Both UBC and SFU draw from many international applicants, and are well integrated into general North American standards and practices. They know full well about the April standard, yet still put forward their own February deadlines.

 

Therefore, there is nothing ethically unsound with telling them yes but still potentially accepting elsewhere and backing out later. Accepted applicants in my own department have done so, and the departments, while disappointed, are probably used to it. So if I was you, I would not internalize the blame for a situation BC unfairly places on applicants. Keep all your options open. Tell them 'yes' but see what else comes in before actually ruling anyone else out.

It's not UBC-wide. I know their math department respects the April 15 resolution, so I'm surprised they're pushing here. I don't think there's anything regional here - the school not playing nice for me is not in BC.

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As far as I know the agreed upon deadline by all CDN institutions for graduate school acceptances is April 15th. They always ask you to be as time sensitive as possible but I'm pretty sure they can't actually retract your acceptance if you do not decide by February. Have you tried contacting the graduate admissions dept or your POI and asking for the official deadline? 

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As far as I know the agreed upon deadline by all CDN institutions for graduate school acceptances is April 15th. They always ask you to be as time sensitive as possible but I'm pretty sure they can't actually retract your acceptance if you do not decide by February. Have you tried contacting the graduate admissions dept or your POI and asking for the official deadline? 

Some schools have signed on for the April 15 resolution in Canada, but definitely not all. That agreement does not apply to all offers, either.

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UBC Physics also follows the April 15 thing.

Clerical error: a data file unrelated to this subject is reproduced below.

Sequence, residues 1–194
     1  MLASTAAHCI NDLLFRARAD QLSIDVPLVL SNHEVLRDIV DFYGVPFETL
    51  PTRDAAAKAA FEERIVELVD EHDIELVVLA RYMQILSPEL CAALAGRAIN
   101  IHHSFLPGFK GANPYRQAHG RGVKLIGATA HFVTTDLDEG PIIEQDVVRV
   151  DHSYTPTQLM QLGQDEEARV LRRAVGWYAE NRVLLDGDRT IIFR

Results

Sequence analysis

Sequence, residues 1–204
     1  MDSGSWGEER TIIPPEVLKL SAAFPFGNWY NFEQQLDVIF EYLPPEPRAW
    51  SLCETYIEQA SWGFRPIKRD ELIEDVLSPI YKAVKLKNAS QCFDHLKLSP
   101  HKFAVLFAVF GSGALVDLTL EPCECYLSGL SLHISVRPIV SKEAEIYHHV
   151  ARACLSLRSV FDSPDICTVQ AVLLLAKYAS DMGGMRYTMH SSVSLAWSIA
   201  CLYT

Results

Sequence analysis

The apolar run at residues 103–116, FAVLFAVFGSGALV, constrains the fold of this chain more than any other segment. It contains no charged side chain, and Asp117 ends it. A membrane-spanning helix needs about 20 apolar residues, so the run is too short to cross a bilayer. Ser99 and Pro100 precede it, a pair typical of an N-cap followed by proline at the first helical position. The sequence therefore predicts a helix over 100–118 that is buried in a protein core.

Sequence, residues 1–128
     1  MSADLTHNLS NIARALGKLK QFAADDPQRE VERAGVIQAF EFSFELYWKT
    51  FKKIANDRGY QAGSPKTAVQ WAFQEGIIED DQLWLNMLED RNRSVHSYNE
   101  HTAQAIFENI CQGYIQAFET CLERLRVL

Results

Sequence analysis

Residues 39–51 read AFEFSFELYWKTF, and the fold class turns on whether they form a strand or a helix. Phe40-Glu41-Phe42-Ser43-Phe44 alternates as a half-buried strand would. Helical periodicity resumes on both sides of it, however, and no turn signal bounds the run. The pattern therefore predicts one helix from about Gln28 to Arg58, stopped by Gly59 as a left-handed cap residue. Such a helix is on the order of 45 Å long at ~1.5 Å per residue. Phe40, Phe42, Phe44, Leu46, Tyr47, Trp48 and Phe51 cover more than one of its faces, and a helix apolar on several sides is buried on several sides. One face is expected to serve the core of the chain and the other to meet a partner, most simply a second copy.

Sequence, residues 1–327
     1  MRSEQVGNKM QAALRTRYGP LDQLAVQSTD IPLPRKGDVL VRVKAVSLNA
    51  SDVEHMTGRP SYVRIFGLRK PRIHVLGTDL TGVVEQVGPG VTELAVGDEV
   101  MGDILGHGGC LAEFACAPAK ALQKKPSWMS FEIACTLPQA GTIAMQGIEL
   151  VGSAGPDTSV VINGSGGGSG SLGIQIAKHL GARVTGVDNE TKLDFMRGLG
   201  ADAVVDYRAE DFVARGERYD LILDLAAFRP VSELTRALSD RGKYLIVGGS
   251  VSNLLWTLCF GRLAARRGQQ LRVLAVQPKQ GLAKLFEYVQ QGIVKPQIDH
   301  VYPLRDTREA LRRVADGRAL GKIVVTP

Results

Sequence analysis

I think the best option is to first try to figure out how long the other schools will take to get back to you and to ask your first school to extend the deadline. My experience with all Canadian schools was that they are generally willing to extend it if you are waiting (i.e. they are not trying to get you to make an early decision). However, they don't want to just give you until April 15 in case people just procrastinate. I also had a mid-Feb deadline so I asked another school (whose application deadline was Mar 1) when they would make a decision. They ended up accepting me prior to the end of February!

 

So, I think you should first act in good faith and try to figure out a decision timeline and ask for an extension. Only if the schools absolutely refuse to "play nice" should you take the action of accepting and then rejecting them if another offer comes along.

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Some schools have signed on for the April 15 resolution in Canada, but definitely not all. That agreement does not apply to all offers, either.

 

That's unfortunate! I guess I should of added that my information is regarding experimental and clinical Psychology programs. 

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Thanks for the insight, guys. I think I'll send an email to UVic and U of T to ask when they will be making their decisions. Depending what they respond with, I suppose I'll go from there. 

 

The real thing I'm worried about is the CGS-M competition.Like, if I say yes to UBC and I'm unsuccessful there, it would be really hard if another school offered it to me. ($17,500 is a significant amount of funding.)